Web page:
Painful park cuts ahead

  • Article by: JOSEPHINE MARCOTTY , Star Tribune
  • Updated: July 13, 2011 - 6:55 AM

Like many states, Minnesota is struggling to find new financial footing for its state parks. That means the parks will change - this time with service cuts that park users will notice.

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mwallekJul. 10, 11 1:59 AM

Parks don't fit in the new corporate social models for our future. They're not needed and are a tremendous money sump for questionable return. This money can go into other hands, private hands, what hasn't disappeared or been wasted prior. A corporate model is depersonalized, and better for them and the shareholders, if not for the species as a whole.

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MickeyJul. 10, 11 5:13 AM

If we are going to save our state/country we have to make cuts. Parks I feel are a good place to start. Next should be the excess labor in gov't.

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toolman28Jul. 10, 11 6:20 AM

Mickey I tbhink roads should be cut , personaly I like the roads that I use to be in good shape and since I never drive on the roads you use it would make sense to let them fall into disrepair

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toolman28Jul. 10, 11 6:21 AM

Mickey How about sno plowing ? should we cut that ? Just think all those MNDOT workers we do not need - - - untill we need them

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noughsaidJul. 10, 11 8:42 AM

cost effective labor force??...how 'bout putting some of the petty crime criminals sitting in prisons and jails getting off their duffs and make them take care of the parks and trails.

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ruphinaJul. 10, 11 8:46 AM

Regarding the pic: GET A MOWER! Bill G.

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favrefanJul. 10, 11 9:48 AM

I would think that the GOP legislature would prefer to open our parks to the big oil or mining companies. That's what it's all about...RESOURCES and MONEY. You people that use the excuse that you don't use the parks so why should I pay for them are failures. I don't have kids but I have to pay taxes to support the schools that your spoiled, entitled children attend. I say cut the school budgets and you home school them. They will get their jobs at Burger King in no time with your superior skills of teaching. See? The arguments you make are uninformed and unintelligent.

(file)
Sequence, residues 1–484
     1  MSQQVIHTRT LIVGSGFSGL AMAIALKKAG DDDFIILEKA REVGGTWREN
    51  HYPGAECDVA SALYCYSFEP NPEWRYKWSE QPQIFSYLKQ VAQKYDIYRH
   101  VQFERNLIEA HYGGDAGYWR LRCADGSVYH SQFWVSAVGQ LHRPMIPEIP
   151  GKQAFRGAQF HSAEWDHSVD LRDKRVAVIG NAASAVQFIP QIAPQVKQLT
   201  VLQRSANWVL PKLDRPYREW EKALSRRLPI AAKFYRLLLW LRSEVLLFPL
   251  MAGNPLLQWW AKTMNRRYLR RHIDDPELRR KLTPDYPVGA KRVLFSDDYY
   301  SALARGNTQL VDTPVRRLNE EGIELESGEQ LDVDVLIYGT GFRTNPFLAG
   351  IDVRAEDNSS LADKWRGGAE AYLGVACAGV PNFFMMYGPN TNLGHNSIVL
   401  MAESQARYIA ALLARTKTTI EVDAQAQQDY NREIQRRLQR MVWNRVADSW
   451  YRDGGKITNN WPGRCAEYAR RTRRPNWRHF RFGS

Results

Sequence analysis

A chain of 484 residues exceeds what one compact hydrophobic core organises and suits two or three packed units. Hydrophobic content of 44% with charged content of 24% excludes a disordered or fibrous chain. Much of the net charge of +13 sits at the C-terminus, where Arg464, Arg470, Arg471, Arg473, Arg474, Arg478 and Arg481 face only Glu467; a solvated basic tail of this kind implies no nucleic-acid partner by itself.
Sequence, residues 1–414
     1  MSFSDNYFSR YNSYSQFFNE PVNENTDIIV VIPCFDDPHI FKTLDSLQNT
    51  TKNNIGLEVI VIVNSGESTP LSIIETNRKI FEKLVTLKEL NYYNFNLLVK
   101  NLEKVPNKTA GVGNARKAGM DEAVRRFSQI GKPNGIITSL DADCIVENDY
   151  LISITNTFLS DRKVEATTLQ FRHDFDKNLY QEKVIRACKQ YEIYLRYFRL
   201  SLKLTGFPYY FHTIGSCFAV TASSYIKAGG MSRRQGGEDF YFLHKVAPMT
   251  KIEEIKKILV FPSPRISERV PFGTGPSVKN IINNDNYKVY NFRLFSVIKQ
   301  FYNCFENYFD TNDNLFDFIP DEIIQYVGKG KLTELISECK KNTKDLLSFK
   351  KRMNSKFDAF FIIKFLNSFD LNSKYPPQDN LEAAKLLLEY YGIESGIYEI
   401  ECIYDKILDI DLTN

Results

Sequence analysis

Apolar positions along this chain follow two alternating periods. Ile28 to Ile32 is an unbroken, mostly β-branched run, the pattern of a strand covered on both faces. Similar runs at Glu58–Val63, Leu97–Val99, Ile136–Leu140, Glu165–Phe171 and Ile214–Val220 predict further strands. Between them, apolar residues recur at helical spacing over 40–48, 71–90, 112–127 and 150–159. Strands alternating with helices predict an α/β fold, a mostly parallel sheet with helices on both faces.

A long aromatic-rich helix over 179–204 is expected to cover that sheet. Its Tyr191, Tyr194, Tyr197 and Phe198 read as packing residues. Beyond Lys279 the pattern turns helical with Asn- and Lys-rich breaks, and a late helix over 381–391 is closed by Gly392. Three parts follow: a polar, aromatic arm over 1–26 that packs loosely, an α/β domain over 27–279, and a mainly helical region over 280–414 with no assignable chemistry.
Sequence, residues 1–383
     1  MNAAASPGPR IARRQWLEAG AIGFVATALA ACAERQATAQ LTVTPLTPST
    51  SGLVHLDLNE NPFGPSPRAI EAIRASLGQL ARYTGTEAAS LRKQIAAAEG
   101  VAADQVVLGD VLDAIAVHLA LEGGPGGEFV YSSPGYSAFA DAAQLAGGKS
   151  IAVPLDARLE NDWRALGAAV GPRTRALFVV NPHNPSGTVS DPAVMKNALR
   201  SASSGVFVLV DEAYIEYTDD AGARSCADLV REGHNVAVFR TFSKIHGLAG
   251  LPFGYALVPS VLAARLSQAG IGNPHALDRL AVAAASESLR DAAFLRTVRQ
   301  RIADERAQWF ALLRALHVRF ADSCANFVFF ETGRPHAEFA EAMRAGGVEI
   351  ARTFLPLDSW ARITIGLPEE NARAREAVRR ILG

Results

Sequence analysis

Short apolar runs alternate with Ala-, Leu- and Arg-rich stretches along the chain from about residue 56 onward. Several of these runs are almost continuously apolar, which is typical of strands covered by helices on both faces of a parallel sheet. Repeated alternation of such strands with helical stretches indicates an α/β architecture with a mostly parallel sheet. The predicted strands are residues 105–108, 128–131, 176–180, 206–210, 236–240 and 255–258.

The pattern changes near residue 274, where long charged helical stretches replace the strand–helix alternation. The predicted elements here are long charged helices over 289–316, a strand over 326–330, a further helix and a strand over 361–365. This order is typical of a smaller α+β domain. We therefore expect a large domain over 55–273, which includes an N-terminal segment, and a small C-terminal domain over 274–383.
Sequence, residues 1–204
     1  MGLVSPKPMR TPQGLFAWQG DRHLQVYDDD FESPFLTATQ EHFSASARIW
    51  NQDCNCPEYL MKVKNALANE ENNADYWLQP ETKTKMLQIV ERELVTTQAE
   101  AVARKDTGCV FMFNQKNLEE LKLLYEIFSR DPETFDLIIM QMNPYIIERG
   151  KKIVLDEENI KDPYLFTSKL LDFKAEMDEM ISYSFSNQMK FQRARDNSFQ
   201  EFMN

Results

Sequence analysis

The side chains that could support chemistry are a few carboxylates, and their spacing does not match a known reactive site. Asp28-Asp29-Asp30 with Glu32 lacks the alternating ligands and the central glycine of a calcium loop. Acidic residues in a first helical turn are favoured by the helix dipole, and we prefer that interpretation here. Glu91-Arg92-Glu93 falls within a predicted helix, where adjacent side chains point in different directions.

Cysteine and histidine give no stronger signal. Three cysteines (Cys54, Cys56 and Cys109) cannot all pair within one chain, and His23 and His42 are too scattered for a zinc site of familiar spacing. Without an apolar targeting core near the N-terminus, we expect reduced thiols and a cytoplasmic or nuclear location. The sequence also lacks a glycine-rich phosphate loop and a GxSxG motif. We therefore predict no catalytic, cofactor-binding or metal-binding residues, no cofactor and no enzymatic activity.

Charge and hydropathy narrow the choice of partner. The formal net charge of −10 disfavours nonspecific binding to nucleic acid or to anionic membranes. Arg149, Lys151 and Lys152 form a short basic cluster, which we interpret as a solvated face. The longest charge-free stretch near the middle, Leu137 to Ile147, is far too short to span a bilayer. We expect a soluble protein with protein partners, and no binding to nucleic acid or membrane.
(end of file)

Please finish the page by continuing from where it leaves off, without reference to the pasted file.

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chucks2Jul. 10, 1112:01 PM

The problem with keeping the parks open seems simple. They cost $35M to keep open and take in $11M. Triple the entrance fees and the problem is solved. Although I expect the people that always expect the government to pay, would object to letting the users pay.

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tired1Jul. 10, 1112:30 PM

I think that the "parks" out grew their original intent. They have become to modern - should have left them as primitive. What about the extra sales tax we pay for natural resources/art?

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stevena58Jul. 10, 11 2:34 PM

I realize that the Three Rivers Park District is NOT part of the Minnesota State Park system, but I will use their wasted spending as an example when it comes to parks. The annual budget for the Three Rivers Park District Public Safety (police department) is $4.2 million. If ALL of our government entities would take a look at their expenses and eliminate some of the wasted spending such as the Three Rivers Public Safety, our government leaders could help eliminate quite a bit of debt. I use the Three Rivers Public Safety as an example of an expense we could eliminate because they are nothing more than security officers/park rangers with the title of police officers, which helps justify why the earn more than $31/hour, plus their health insurance benefits, and retirement. Rather than spending $4.2 million annually for police services, why not allow the local agencies to provide services to our parks since we are already paying for their services through our local property taxes? If public safety presence in the parks is important, eliminate the licensed police officers, continue using their non-licensed park service officers and when a real crime takes place, let the local police officers respond to assist (something the local agencies are already doing when something serious occurs in a Three Rivers Park), if there is a medical emergency, then the park service officers could respond since they are already in the parks. I suspect this approach could reduce the annual operating budget of the Three Rivers Public Safety to something closer to $1.0 - $1.5 million - an annual savings of $2.7 - $3.2 million.

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